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Court declined PML-N request of sending Imran Khan funding case to ECP

04 August, 2017

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ISLAMABAD: During the hearing of foreign funding case against Pakistan Tehreek-e-Insaf (PTI) on Thursday, Pakistan Muslim League-Nawaz (PNL-N) senior lawyer Akram Sheikh requested the Supreme Court to send the matter unconditionally to the Election Commission of Pakistan for examination.

Arguing before a three-member Supreme Court bench comprising Chief Justice Mian Saqib Nisar, Justice Umar Ata Bandial and Justice Faisal Arab, which is seized with a petition filed by PML-N’s Hanif Abbasi seeking disqualification of PTI Chairman Imran Khan and Secretary General Jahangir Tareen for non-disclosure of assets, ownership of offshore companies, and PTI being a foreign-aided party, Akram Sheikh requested the court to also set a timeframe for the ECP to decide the matter of receiving foreign funding from prohibited sources.

However, the court declined to entertain the request. Justice Bandial made it clear that the receipt of prohibited funds has to be established first.

Akram Sheikh said although the apex court hears and decides hundreds of cases daily, however it was a very important case involving a political party. He pleaded the court to determine a policy with regard to receiving of foreign funding by the political parties.

He said in Benazir Bhutto case, an 11-judge bench of the apex court had ruled that every political party was bound to get its accounts audited by a well-reputed chartered accountancy firm.

To a court query, he said the membership fee of PTI is Rs 19,000 and in 2013, the party received over Rs 405 million. He said it seemed that in the end the court will give a certificate to the PTI that it did not receive even a penny from prohibited sources. To a query that whether PML-N compiles the statement of its accounts, Sheikh said he could inform the court only after asking his client.

The counsel for ECP stated that the apex court could directly hand down a decision if it is proved that a political party was working against the ideology of Islam or Pakistan.

To a court query, Akram Sheikh submitted that Imran Khan has admitted ownership of London flat. He said, in fact, Imran Khan was the beneficial owner of Niazi Services Limited (NSL) and not the London flat.

The chief justice then noted that Imran Khan was not the shareholder of NSL. He said Imran Khan was neither director of NSL nor affiliated with its administrative affairs.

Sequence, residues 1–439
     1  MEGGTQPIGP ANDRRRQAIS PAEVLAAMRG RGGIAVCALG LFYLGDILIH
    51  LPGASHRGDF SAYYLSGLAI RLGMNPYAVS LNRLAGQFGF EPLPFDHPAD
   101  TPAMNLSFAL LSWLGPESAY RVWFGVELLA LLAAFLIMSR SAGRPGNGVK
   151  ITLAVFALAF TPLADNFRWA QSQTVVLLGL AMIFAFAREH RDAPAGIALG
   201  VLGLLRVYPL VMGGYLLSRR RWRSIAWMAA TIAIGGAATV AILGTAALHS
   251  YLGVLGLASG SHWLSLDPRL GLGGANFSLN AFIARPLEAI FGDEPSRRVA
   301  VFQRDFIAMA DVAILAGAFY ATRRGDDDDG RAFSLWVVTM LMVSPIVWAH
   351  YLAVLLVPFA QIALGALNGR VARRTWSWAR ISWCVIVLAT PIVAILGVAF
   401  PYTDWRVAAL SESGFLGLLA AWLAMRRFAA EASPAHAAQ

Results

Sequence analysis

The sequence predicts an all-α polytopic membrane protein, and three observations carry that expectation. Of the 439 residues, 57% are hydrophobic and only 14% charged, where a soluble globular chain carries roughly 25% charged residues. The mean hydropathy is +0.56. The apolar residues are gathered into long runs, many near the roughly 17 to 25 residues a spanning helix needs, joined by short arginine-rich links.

He said the court wants to know who was the real owner of NSL. Justice Bandial noted that the ownership is determined on the basis of assets. The chief justice said that black law dictionary defines the ownership.

Sheikh said that London flat of Imran Khan was sold in 2003 at 6, 90, 000 pounds and the whole amount was transferred in the account of NSL. He said Imram Khan did not declare an amount of 1, 27, 000 pounds in his affidavit. He said Imran Khan also received 208, 000 pounds as rent of London flat.

He said that NSL was made abroad, however it got benefit from an amnesty scheme which was meant only for Pakistan. He said Imran Khan was no more 'sadiq and ameen' after concealing assets. To a court query, Sheikh said NSL existed from 1983 to 2015, whereas the details of accounts of the company were given for only two years.

"If failure to declare a loan as an asset could lead to the application of Article 62 of the constitution", Justice Faisal Arab asked when Sheikh said that Imran Khan should be disqualified for not declaring a loan that he received from his former wife, Jemima, as an asset.

In response to judge's remark, Sheikh said the Supreme Court had disqualified former prime minister Nawaz Sharif for not declaring a salary that he could have received from his son's company.

Justice Bandial, however, maintained that since the Panama Papers case was related to the Sharif family's assets, the comparison was invalid. He also suggested Sheikh to read the verdict before commenting on it.

Sheikh said it is extremely necessary to probe the source of PTI's funds. When Sheikh started arguments over the money trail of Imran's properties, the chief justice said that Imran Khan declared his Bani Gala property in his nomination papers for 2002 elections. It would have to be proved from the bank records that the money was brought from abroad, the chief justice said, adding that it is also necessary to prove the loan.

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